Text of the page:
Step. 4. Begin drawing with the colors from whatever hints or clues you have been able to gather. Use none of your subject's local color. As your drawing nears completion, stop again.

Step 5. This is the time for considering local color. By now you may feel a strong need to use some of it. Or you may feel no need at all. Should you opt for the first route, go slowly. Use it in just a few places at first. You may be surprised at how little local color is really needed. A still greater surprise, however, may be your discovery that reality can sometimes be well shown with no local color at all--that your drawing can now be finished without it.

To use color more personally, expressively.

A baking soda box is a good example of an object with familiar color. We recognize it immediately. And like many such things, it can, if we are not careful, persuade us that we hardly need glance at it to draw it--that we already know all about it.

Exercise: Drawing Cast Shadows

In compositions, cast shadows are often minimized. But they can also serve as important elements--even as a drawing's center of interest. To make this happen, however, the cast shadows must be seen as more than just dark appendages lacking hue or character of any kind.

To experiment with hue-laden rather than neutral cast shadows.

(1) Set up an object with a light illuminating it from slightly behind and to its left. Position the light low enough (see photo) for a full shadow extending from the object. In this set-up the cast shadow is to be the subject.

(2) On a fairly large sheet of paper, compose six separate small color drawings of the object and its cast shadow. Keep the drawings small enough for easy comparisons later.

(3) Plan to keep all the drawings similar and simple, but in each one change the surface the object sits on. Change the color of the surface, its texture, its contour, and have at least one drawing with a patterned surface (such as a tablecloth).

(4) The colors for any cast shadow will usually depend on the character of the surface it falls on. Banish your black and gray pencils for this exercise--use only dark colors. As you consider which colors to use, remember that although shadows are dark, they are also transparent. So they will be mightily influenced by the original surface color and other characteristics.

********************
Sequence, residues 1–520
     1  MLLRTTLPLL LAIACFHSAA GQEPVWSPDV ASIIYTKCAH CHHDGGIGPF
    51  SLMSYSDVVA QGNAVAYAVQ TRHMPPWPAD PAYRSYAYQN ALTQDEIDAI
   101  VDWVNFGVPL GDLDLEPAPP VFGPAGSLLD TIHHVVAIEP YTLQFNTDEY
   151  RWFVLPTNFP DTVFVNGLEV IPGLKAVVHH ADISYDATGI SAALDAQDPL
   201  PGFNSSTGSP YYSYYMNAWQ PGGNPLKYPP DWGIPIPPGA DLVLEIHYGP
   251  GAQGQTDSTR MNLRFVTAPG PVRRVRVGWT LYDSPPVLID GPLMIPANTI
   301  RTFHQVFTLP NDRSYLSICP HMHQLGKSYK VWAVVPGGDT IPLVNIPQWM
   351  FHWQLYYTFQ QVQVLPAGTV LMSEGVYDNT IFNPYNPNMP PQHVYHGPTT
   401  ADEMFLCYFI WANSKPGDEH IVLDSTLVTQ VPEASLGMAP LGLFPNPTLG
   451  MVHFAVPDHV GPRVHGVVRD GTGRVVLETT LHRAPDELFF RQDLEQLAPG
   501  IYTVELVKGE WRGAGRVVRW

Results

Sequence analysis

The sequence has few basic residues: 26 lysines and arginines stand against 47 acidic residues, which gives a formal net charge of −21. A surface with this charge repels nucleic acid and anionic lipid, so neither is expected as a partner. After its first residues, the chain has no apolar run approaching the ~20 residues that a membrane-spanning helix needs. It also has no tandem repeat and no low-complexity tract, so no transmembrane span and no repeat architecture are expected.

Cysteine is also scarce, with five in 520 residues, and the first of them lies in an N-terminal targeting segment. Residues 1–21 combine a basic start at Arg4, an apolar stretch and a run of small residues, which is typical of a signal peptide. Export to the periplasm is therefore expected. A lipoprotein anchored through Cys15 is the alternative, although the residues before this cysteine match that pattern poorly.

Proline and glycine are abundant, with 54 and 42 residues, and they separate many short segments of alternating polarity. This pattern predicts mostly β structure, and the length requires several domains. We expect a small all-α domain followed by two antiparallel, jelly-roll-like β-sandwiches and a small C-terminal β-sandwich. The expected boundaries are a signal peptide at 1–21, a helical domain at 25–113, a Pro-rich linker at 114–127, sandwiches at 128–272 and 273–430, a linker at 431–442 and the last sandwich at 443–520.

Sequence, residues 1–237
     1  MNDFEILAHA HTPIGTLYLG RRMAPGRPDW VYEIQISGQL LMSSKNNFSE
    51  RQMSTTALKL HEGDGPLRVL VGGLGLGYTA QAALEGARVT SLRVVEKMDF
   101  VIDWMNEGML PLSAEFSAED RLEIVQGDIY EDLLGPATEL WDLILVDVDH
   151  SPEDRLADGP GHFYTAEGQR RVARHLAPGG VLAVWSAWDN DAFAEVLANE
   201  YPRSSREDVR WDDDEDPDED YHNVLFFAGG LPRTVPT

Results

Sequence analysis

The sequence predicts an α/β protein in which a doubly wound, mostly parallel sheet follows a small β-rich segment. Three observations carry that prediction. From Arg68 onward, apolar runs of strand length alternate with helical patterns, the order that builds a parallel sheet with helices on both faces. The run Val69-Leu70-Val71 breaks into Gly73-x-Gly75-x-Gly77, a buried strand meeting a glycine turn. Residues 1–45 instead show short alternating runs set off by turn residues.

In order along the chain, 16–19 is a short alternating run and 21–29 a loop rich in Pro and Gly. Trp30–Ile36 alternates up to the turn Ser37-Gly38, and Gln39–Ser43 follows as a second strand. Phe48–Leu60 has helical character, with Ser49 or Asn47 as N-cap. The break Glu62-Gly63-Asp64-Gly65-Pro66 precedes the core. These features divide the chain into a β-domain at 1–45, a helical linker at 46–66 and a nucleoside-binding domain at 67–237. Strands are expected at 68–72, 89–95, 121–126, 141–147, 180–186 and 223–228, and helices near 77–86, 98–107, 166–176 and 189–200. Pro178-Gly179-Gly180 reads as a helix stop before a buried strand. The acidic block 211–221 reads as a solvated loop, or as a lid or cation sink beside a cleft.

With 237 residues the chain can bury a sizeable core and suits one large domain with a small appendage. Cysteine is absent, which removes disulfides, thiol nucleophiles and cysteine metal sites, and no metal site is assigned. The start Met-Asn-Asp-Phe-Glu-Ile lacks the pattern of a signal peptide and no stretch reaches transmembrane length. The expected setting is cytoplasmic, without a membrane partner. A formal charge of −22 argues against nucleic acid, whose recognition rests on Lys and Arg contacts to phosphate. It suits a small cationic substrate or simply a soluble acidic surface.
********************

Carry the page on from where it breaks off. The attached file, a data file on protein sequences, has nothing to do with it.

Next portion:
A TIP: Even though you might make some of the shadows very dark and others very light and subtle, the darkest part of any shadow is under the object and gets lighter as it spreads out and away.

(5) Vary the character of your cast shadow edges from drawing to drawing, making some of the edges hard, some feathered, some lost and found.

(6) Compare all six finished drawings. Consider effects produced by the various changes you made from drawing to drawing. Make notes of these observations next to each one for future reference.

Exercise: Making Marks

Lines, strokes or marks, indicate different levels of energy and purpose. They can also reveal our attitude about something, and be a vehicle of mood. Drawing is the making of marks. Make a quick mark. Don't try to intend any special thing. Make a few more, still quickly, but try to have each be different from the others.

Now look at the marks you have made. Ask yourself what is different about each from the others. As artists, it is vital that we become sensitive to small differences. Try talking to yourself about your marks. Do any of them seem to you suggestive of anything? Can any be called by names that their fellows cannot--like sassy, insipid, dumb, lively? With practice, a mark can be made to suggest such things.

To see how mood can begin with marks.

Make more marks, this time intending to have them express attitudes of various kinds. Put marks in very small spaces--about an inch across--as well as on very large sheets. Practice isolating some marks, and letting others build up in combinations. Your growing skill at handling marks will add a great deal to your graphic vocabulary.

Assignment: A Room in Triadic Color

Our powers of color discrimination grow sharper as we learn to freely change the colors of a reality to those of a deliberate scheme.

To increase color management  skills.
The way to do this effectively--without losing the sense of an original scene--is to carefully assess the room's dimensions of colors--hue, value, and intensity.

Prepare to draw a room or part of a room. But instead of using the colors you see, confine your mixes to just three hues--the triadic scheme of Yellow-Orange, Red-Violet, and Blue-Green (see samples). The thing to remember as you use these colors (unmixed or in combinations) is that the contrasts, intensities, and values of your scene should not be changed. The only dimension you are really changing is hue.

If using Prismacolor, select 918 Orange, 930 Magenta, 905 Aquamarine. If Lyra: 600-13 Light Orange, 600-33 Wine Red, 600-53 Peacock Blue. If Faber-Castell: 113 Light Orange, 133 Wine Red, 153 Peacock Blue.